Hampden bakery goes, but will rise again

This Just In...

October 22, 1997|By DAN RODRICKS

I know what you're thinking: He's become the eulogist for small businesses in the city they call Baltimore. Monday's column reported the passing of Kelly & Poggi, the old drugstore and soda fountain in Little Italy.

Today, more blues, this time in Hampden: A "temporarily closed" sign hangs on the art-deco, cream-and-green front of New System Bakery on West 36th Street.

The place is empty and the phone has been disconnected. The landlord is negotiating to bring in another baker.

The baker who just moved out, David Knox, is a good-natured guy who took control of the old and popular bakery two years ago. As far as anyone knows, he was the first African-American to own a business on 36th Street. He seemed to get off to a good start, too. In addition to pies, cakes, cookies and buns for all seasons, Knox surprised his New System customers with a Southern-style broccoli cheese bread, which turned out to be one of the finest and most original bakery concoctions in Baltimore. It was a Knox family recipe. It was the best thing I ate in 1995. (You can look it up; TJI, Dec. 13, 1995).

But despite the popularity of the cheese bread, New System had problems. As the months went by, Knox was heard to complain about customer traffic slowing down. He's a very religious man who did not open on the Lord's Day, and that probably hurt customer flow. Some people think it was the death of his enterprise. "But I refused to be compromised on that," he said yesterday. "Believe me, I was under a lot of pressure [to open on Sundays]."

Among those who suggested a Sunday opening were the previous owners of New System. They were the holders of the mortgage on the place and, last Wednesday, they decided that Knox had missed too many payments. "I was four months' behind," he admitted. "But we were talking and I was hoping we could work something out. I I'm not holding anything against them. What happened was my fault. I tried my best, but I fell behind [during the winter of 1996] and it's really hard to catch up once you get behind like that."

Last spring, Knox opened a retail stand in the Avenue Market in West Baltimore, which is good news for the folks along Pennsylvania Avenue. Knox says he plans to make some of his cheese bread at home and sell it there.

Still, it'll be missed in Hampden. I feel sorry for the people working on John Waters' latest movie there; they won't get to walk down the street and sample squares of that broccoli cheese bread.

All is not lost. New System Bakery might rise again. (Get it? Rise again?)

It would be nice to see another baker and crew go into the locale. It would be nice to see them keep that art-deco, cream-and-green front, too. It would be nice to see them give nTC David Knox a job making the best thing I ate in 1995.

Making fun of Pfiesteria

I dunno, friends. I could be wrong. But with the Pfiesteria-related fish kills this summer in the Chesapeake region and public concerns about Maryland seafood, I think a restaurant should avoid the kind of advertising we spotted on a sign at an eatery last week on Wise Avenue, Dundalk: "Killer Crabs." Then again, perhaps we worry too much about this Pfies-fish biz. A woman dressed as the Goddess of Pfiesteria appeared over the weekend at the American Visionary Art Museum's Great Mother Goddess Pre-Millenium Sleepover. And now the Columbus Center is offering free admission to anyone willing to address the phenomenon with some Halloween humor. The center's "Many Faces of Pfiesteria Costume Contest" goes on Saturday and Sunday. Sign at a Westminster veterinary clinic: "Free exams for new puppies and kittens. But, bring newspapers." ('Cause it's good to have reading material in the waiting room.)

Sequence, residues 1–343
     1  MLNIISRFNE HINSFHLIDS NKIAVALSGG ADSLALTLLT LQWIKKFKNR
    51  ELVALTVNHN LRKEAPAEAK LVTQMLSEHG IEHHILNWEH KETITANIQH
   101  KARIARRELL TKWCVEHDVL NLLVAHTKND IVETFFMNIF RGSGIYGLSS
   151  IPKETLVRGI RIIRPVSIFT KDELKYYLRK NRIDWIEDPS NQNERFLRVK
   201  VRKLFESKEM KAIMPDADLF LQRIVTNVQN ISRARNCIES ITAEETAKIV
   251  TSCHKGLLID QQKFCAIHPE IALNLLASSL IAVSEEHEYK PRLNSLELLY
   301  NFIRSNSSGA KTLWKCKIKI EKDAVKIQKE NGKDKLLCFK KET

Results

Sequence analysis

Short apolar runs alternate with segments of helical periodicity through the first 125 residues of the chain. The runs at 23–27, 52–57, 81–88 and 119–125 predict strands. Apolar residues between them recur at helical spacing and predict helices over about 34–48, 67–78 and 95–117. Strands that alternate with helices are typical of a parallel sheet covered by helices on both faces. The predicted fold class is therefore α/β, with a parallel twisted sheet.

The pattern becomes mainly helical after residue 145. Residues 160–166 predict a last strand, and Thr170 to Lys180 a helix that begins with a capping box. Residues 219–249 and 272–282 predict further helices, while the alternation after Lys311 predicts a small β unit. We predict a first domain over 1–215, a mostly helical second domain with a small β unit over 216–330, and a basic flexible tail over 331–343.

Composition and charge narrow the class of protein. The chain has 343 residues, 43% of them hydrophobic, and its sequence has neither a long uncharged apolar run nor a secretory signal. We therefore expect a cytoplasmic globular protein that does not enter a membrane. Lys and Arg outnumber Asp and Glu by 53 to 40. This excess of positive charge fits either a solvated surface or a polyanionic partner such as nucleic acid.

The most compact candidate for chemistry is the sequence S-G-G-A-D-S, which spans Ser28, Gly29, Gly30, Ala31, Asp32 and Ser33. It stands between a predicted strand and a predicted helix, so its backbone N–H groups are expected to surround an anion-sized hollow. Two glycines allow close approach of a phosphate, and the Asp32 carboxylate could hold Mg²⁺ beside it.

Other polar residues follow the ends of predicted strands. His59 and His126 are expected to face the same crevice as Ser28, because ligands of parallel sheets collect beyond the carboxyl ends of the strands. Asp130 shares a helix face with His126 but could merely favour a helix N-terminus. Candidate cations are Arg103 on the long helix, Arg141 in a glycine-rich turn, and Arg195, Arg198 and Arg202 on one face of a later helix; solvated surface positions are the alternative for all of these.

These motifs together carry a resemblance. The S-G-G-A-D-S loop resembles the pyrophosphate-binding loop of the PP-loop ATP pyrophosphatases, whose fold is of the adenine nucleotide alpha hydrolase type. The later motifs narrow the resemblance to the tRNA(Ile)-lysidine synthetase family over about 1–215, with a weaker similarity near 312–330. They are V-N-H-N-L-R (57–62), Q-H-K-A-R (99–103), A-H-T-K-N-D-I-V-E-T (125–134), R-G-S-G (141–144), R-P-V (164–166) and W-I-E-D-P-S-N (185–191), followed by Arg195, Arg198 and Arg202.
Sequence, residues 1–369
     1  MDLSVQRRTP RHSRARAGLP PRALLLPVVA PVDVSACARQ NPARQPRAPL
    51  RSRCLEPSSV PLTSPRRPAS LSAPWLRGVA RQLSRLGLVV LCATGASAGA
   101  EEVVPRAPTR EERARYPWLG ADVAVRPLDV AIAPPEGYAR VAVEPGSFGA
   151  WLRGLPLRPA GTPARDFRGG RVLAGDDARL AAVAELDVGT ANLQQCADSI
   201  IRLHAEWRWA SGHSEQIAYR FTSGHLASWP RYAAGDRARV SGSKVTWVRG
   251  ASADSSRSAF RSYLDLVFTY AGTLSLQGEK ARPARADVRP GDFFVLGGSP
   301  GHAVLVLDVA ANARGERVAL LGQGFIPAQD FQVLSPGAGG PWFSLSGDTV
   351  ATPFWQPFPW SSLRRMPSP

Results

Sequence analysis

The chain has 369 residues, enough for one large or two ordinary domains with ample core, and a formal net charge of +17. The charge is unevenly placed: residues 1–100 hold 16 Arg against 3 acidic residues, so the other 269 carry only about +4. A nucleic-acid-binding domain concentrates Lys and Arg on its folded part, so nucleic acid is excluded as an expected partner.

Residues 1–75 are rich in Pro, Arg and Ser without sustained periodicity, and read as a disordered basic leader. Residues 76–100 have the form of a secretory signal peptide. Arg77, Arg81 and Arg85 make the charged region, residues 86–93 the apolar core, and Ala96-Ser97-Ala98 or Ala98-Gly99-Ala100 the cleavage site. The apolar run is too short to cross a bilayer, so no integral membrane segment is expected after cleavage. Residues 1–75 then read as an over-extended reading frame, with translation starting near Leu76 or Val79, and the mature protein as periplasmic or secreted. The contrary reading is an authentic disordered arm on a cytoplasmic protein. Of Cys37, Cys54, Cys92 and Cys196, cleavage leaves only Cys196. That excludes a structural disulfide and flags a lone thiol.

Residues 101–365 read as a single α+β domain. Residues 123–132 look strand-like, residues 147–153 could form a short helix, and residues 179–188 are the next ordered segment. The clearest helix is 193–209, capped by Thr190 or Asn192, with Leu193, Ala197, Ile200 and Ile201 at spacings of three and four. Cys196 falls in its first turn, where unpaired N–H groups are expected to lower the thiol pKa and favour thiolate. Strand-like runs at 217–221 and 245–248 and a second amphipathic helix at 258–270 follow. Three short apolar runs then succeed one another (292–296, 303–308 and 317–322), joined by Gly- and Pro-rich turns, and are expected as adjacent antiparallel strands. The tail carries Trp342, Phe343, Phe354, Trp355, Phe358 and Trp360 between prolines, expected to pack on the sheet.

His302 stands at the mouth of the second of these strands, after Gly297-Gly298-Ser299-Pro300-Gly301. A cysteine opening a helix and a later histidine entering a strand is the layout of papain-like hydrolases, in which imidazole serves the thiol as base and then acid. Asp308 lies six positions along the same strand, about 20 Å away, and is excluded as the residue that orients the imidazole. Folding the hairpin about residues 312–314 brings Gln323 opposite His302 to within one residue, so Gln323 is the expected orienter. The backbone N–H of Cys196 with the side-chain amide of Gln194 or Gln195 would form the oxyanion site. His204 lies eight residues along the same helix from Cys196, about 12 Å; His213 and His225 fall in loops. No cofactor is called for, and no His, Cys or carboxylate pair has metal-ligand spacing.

'Old-timey' feast

Joey Amalfitano, TJI cultural correspondent and official food taster, reports: "Let the buyer beware - is that 'Cadillac emperor' in Latin? - when they stroll into the Double T Diner on Pulaski Highway in White Marsh. Since it opened last May, Maxine and I have been amazed at the parking lot. It's always full. So we and another couple finally stopped in and we were shocked! For instance, I got a piece of blackened salmon, applesauce and coleslaw. Dan, I'm tellin' ya, my fish portion could have fed the entire cast of 'Les Miserables.' And it was flaky, no bones, delicious. Everyone else, including yours truly, got one of those Styrofoam containers to haul what we didn't eat home for the remainder of the week. It's a round-the-clock operation, like all the Double T's, with nearly 100 on staff. And even though they have a lot of chrome and glass, like my Aunt Margaret would've said, 'It's old-timey.'"

For a good cause

Between the raffle and fund-raiser they held last week for Jim Campagna, the Baltimore County correctional officer gravely ill with cancer, his buddies and co-workers raised about $15,000. A good chunk of that - $6,000 - came from a woman who read about Campagna's situation in TJI last Wednesday and wrote a check; she asked to remain anonymous. Channel 13's news operation picked up the story and, after the station aired the address for a special bank account in Campagna's name, contributions started going there as well. That address is: James M. Campagna Relief Fund, First National Bank of Maryland, 405 Washington Ave., Towson 21204.

Pub Date: 10/21/97

Baltimore Sun Articles
|
|
|
Please note the green-lined linked article text has been applied commercially without any involvement from our newsroom editors, reporters or any other editorial staff.